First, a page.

Wed 5 Nov, 2008 01:04 pm
CBS) Best-selling author and filmaker Michael Crichton died unexpectedly in Los Angeles Tuesday, after a courageous and private battle against cancer, according to a statement released by his family. He was 66.
Crichton is best known as the author of "Jurassic Park" and the creator of "ER." His most recent novel, "Next," about genetics and law, was published in December 2006.
"While the world knew him as a great story teller that challenged our preconceived notions about the world around us -- and entertained us all while doing so -- his wife Sherri, daughter Taylor, family and friends knew Michael Crichton as a devoted husband, loving father and generous friend who inspired each of us to strive to see the wonders of our world through new eyes," the statement said. "He did this with a wry sense of humor that those who were privileged to know him personally will never forget."
I actually did not read his books. I did enjoy the movie of Jurassic Park.
Aw, sad news. I have read every one of the great man's books, and loved them all, including Next. Thank you for the news on his passing.
Michael Crichton: A Master Storyteller of Technology's Promise and Peril
Michael Crichton, who died from cancer Tuesday in Los Angeles at the age of 66, was an outsized figure in almost every possible way, beginning with his height, which is usually listed at 6 ft. 9 in. He was married five times, and divorced four. But it's his polymathic professional achievements that make him an almost implausibly imposing figure. Crichton trained as a doctor at Harvard Medical School. He directed Yul Brinner in Westworld and Sean Connery in The Great Train Robbery. He created ER, one of the most successful TV dramas of all time, and co-wrote the screenplay for the 90s tornado-chasing thriller Twister.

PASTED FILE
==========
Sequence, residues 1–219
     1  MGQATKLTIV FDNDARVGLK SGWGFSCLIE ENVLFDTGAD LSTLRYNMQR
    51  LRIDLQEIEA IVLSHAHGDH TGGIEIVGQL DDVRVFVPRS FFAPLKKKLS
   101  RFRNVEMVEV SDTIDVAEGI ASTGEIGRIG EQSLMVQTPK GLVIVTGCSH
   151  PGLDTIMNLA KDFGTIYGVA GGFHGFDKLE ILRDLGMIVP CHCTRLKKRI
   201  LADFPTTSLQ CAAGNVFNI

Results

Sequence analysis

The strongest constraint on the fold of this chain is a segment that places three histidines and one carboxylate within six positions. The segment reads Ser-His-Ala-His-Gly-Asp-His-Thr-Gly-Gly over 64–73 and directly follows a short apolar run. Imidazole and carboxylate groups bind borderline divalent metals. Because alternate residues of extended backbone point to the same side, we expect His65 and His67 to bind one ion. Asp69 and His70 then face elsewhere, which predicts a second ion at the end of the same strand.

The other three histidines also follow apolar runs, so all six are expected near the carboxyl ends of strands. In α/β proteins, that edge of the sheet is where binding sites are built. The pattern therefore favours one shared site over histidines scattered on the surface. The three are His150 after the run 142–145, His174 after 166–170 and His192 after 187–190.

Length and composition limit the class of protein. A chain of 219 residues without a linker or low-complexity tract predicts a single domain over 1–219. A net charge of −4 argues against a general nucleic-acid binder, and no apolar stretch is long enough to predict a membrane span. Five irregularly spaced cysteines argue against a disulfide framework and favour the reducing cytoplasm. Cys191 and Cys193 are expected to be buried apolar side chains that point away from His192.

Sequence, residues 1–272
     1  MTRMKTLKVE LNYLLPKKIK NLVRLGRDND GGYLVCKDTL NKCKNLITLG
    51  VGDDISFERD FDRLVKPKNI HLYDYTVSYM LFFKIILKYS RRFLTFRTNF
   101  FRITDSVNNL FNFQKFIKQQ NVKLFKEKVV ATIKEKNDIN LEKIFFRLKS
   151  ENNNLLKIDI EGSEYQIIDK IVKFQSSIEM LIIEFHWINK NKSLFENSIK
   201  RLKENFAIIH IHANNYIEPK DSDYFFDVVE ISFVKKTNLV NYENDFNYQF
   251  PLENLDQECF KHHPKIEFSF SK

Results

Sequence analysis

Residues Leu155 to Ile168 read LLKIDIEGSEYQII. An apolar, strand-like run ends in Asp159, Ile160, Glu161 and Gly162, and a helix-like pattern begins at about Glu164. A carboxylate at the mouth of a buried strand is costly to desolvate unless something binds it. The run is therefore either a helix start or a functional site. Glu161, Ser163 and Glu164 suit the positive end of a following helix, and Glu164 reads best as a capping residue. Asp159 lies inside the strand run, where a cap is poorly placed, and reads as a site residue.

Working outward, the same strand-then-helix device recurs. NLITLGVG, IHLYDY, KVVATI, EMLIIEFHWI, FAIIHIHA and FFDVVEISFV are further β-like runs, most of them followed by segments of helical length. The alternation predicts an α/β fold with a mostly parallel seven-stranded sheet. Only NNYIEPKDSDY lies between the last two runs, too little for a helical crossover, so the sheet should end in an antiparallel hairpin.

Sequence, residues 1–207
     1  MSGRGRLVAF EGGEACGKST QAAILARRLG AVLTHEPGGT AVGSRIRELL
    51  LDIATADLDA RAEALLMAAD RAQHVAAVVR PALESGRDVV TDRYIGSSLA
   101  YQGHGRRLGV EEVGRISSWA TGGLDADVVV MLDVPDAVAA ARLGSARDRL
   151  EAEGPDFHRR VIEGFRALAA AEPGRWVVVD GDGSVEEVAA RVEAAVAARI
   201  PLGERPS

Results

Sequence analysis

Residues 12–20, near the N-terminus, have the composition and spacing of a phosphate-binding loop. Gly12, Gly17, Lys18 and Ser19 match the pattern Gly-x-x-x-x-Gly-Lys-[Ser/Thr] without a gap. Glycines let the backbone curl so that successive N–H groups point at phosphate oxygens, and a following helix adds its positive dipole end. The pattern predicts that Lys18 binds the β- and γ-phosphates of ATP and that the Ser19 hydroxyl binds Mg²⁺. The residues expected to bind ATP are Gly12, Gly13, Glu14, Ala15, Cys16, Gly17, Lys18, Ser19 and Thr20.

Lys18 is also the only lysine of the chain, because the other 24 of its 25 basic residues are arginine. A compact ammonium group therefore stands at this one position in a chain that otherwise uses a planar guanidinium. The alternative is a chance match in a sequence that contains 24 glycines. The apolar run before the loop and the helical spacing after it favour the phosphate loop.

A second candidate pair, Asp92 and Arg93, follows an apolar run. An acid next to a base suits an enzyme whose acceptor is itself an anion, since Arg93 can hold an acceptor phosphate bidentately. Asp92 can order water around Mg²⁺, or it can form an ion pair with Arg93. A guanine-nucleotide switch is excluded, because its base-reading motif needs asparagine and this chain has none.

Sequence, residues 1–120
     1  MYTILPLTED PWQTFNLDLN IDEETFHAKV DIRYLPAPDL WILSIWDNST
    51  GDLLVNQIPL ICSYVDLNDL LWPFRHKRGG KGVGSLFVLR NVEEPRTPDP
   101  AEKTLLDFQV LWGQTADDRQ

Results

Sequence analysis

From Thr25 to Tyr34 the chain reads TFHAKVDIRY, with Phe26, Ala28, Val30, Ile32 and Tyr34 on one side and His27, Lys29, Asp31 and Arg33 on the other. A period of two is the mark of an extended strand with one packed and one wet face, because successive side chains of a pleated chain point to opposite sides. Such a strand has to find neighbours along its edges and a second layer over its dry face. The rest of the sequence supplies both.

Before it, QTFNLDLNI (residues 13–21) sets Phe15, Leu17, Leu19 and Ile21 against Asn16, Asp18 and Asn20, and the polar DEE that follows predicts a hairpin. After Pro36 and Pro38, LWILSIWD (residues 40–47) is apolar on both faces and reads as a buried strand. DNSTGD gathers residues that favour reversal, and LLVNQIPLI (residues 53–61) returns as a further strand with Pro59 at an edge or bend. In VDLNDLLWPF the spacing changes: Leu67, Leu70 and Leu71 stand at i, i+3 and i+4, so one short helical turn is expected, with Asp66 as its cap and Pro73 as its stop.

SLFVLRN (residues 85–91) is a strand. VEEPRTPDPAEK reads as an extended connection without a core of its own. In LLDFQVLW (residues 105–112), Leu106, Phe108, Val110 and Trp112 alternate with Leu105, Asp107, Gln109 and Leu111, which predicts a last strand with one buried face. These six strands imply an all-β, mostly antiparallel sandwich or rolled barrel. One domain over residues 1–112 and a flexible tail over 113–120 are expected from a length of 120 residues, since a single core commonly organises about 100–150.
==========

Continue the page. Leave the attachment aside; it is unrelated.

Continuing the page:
But it's as a novelist that Crichton was best known. He wrote two dozen thrillers, including The Andromeda Strain, Congo, Sphere and Jurassic Park, that collectively sold over 150 million copies. (A new one, its title and subject matter still unannounced, is slated for publication in December.) Crichton was never a literary stylist, but his skills as a storyteller were enormous. His plots have a crystalline perfection that has been much-copied, by The Da Vinci Code's Dan Brown among many others, and his sense of pacing and his ability to weave diverse plot strands into an elegant braided whole are virtually unmatched. His oeuvre is among the most-filmed of any author in history.
Crichton's authorial persona paradoxically combined a true nerd's fascination with science and technology " he even dabbled in computer programming " with an extreme cautiousness about their uses. Time and again his novels feature overeager scientific researchers, greedy for cash and knowledge, who evade regulation and supervision to open one Pandora's Box after another, always with fatal consequences. In his world-view the raw chaos and complexity of nature always lead to unforeseen consequences. "Science is a kind of glorified tailoring enterprise," Crichton wrote in Travels, "a method for taking measurements that describe something " reality " that may not be understood at all."
He wasn't a great writer but he was an invariably interesting story teller. I've read all of his books and they were each interesting reads that prompted curiosity in me about a variety of things.
I just finished reading Next and had read State of Fear and Prey in the last month. I was at a bookstore the other day and hoping he'd release a new book soon and will miss his stories.